Companies are receiving a huge number of resumes for most openings these days. Many have also cut their recruiting staff significantly. As a result, they’re struggling to keep up with the deluge of candidates for open positions. One way companies quickly screen a large volume of candidates is to conduct phone interviews. This allows them to talk to more people who look reasonably qualified, while screening out the freaks. Since you’re not a freak (because all of my readers are fabulous), this is a good thing for you and the company. More people screened means that the odds are greater that you’ll be one of the people who at least gets a chance to talk to a human and show off your fabulosity.
- Find out how long the interview should take. When the recruiter sets up the interview, she should tell you how long it will take. If she doesn’t, ask. That will allow you to plan (obviously), but it’ll also give you some sense as to how deep the questions are going to be. If it’s 20 minutes, they really ARE just making sure you’re not a freak, gathering some very basic information, and getting the deal-breaker stuff out of the way. If it’s an hour, then you should treat it like a regular interview (more on that next week).
- Make sure it’s quiet. This is a tough one for me. I’m home with a 1-year-old and a 3-year-old, and the only way to make them simultaneously quiet would involve duct tape. I’m pretty sure that’s a no-no. I try to schedule phone calls for naptime, and I keep some really fantastic art project ready in case the oldest wakes up. It goes without saying that you should turn off the TV, the radio, the ringer on the cellphone if it’s nearby, etc.
- Use a real phone. If I had a dollar for every candidate who’s hung up on me by using a cellphone that dropped the call, my Clue Wagon would be a Clue Porsche. It’s also harder for some people to hear on a cellphone, and this is one occasion where you want to be heard as clearly as possible. If you MUST use a cellphone, make sure there’s no wind blowing (that’s really noisy on the other end), and don’t ever conduct a phone interview while driving. It makes it look like you don’t care enough about the job to even pull over (not to mention the whole safety thing, on which I could rant all day).
- Disable the call waiting. If the interviewer is calling you, and the call waiting beeps, don’t even THINK of answering it. You’re in a job interview, and you don’t interrupt a job interview to take a more important call.
- Have a copy of your resume in front of you. It’s awkward when the interviewer refers to something on your resume, and you can’t remember exactly what it said. If you applied from a job posting, have a copy of that in front of you as well.
- Change your clothes. I actually think this is a little goofy, but I know otherwise smart people who swear that their job interviews are more successful when they dress up for them. If it works for you, great. Another technique some people use is to do the interview in front of a mirror, to ensure they’re smiling and professional and so forth. My mirror is in the bathroom, so I’d be a little concerned about the echo-y sound, but whatever floats your boat is fine. The goal is to project a polished, professional, confident image, and you should use whatever tools allow you to do that.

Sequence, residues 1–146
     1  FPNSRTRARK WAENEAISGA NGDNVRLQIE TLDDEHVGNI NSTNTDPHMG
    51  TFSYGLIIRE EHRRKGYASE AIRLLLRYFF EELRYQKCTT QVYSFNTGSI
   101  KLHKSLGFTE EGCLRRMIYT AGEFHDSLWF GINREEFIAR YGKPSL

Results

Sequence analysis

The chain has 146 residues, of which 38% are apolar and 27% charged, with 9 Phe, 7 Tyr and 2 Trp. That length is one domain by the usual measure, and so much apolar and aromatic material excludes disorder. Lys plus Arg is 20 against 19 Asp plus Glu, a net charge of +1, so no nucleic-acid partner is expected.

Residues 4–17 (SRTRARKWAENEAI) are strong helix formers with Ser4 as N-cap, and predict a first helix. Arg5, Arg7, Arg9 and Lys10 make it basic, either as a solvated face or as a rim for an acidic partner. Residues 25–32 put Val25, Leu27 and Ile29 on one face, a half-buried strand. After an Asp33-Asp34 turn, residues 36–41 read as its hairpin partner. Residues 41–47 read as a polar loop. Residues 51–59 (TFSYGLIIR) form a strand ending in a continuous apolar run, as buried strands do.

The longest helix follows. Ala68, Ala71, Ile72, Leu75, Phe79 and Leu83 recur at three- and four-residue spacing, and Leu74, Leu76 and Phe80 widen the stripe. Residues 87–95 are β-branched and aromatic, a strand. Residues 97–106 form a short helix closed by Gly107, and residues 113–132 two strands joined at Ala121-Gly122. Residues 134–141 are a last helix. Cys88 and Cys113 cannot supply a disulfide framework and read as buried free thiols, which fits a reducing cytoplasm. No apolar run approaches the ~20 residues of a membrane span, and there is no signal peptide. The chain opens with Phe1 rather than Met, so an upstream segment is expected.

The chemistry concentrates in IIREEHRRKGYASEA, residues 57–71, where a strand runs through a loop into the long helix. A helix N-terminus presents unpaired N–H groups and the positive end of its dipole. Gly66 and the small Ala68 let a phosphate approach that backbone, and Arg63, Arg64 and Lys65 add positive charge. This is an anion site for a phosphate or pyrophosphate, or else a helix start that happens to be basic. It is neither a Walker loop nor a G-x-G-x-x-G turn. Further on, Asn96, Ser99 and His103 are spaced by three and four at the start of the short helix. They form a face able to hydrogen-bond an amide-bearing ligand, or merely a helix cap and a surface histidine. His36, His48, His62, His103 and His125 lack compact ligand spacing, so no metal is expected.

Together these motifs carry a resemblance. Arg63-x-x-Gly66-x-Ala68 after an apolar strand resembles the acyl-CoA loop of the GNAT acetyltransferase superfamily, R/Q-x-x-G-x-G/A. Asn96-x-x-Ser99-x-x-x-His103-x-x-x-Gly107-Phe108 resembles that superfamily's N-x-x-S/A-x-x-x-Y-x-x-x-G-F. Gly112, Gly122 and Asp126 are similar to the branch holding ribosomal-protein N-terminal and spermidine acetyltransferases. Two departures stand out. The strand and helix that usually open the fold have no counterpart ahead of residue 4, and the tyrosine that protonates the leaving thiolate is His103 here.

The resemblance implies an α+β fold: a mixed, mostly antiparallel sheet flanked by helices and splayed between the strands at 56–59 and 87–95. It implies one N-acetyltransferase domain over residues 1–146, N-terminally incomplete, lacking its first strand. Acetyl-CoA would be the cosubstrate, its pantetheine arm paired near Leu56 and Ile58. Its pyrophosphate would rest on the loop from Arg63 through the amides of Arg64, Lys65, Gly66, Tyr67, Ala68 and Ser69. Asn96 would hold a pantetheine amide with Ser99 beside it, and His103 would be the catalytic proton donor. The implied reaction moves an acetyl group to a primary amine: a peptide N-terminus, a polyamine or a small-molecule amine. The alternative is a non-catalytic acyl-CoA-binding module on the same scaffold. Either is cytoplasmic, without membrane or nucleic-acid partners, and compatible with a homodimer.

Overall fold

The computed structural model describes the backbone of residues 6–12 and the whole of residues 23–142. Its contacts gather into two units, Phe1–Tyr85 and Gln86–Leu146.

- Don’t smoke. When you smoke on the phone, your breathing sounds funny. It’s weird. It also make you seem very nervous. Wait until it’s over.
- Pace yourself. For some reason, shy candidates seem to clam up even more in phone interviews, and chatty candidates seem to run on even longer. I think the lack of visual cues really throws people off as to whether to talk more or less. If you’re giving an answer that’s only a few words (unless that’s clearly what the question requires), beef it up. If you’re talking for 11 minutes straight, you need to be way more succinct (seriously, I had this guy whose shortest answer was ELEVEN MINUTES). For most open-ended interview-type questions (the type that start with, “Tell me about a time…”) 2-4 minutes is a good target.
- Prepare some questions of your own. The depth of your questions should be proportional to the length of the interview. For a 20 minute screen, just a couple of questions should do it, unless they’ve been really cryptic about the job or something. If you’ve spent an hour on the phone, they should spend some time answering more questions for you. Keep in mind that the screener is usually an HR person, not the hiring manager, so you’ll want to save your deepest and best questions for the person who is actually doing the hiring. Your last question should always be about what’s going to happen next: What’s the next step in this process? When should I expect to hear back? When should I follow up if I haven’t heard anything? You’ll be glad you asked these things during the long wait after the call ends.
- Relax. It’s just a phone screen. This is hard to remember when you really, really need a job. Phone screens are just that, though: screens. Truly, they’re just making sure you’re not a freak, a jerk, or completely unaware of what the job entails. Don’t get overly excited, and don’t put too much stock into it. Consider it a good practice run for your next real interview.
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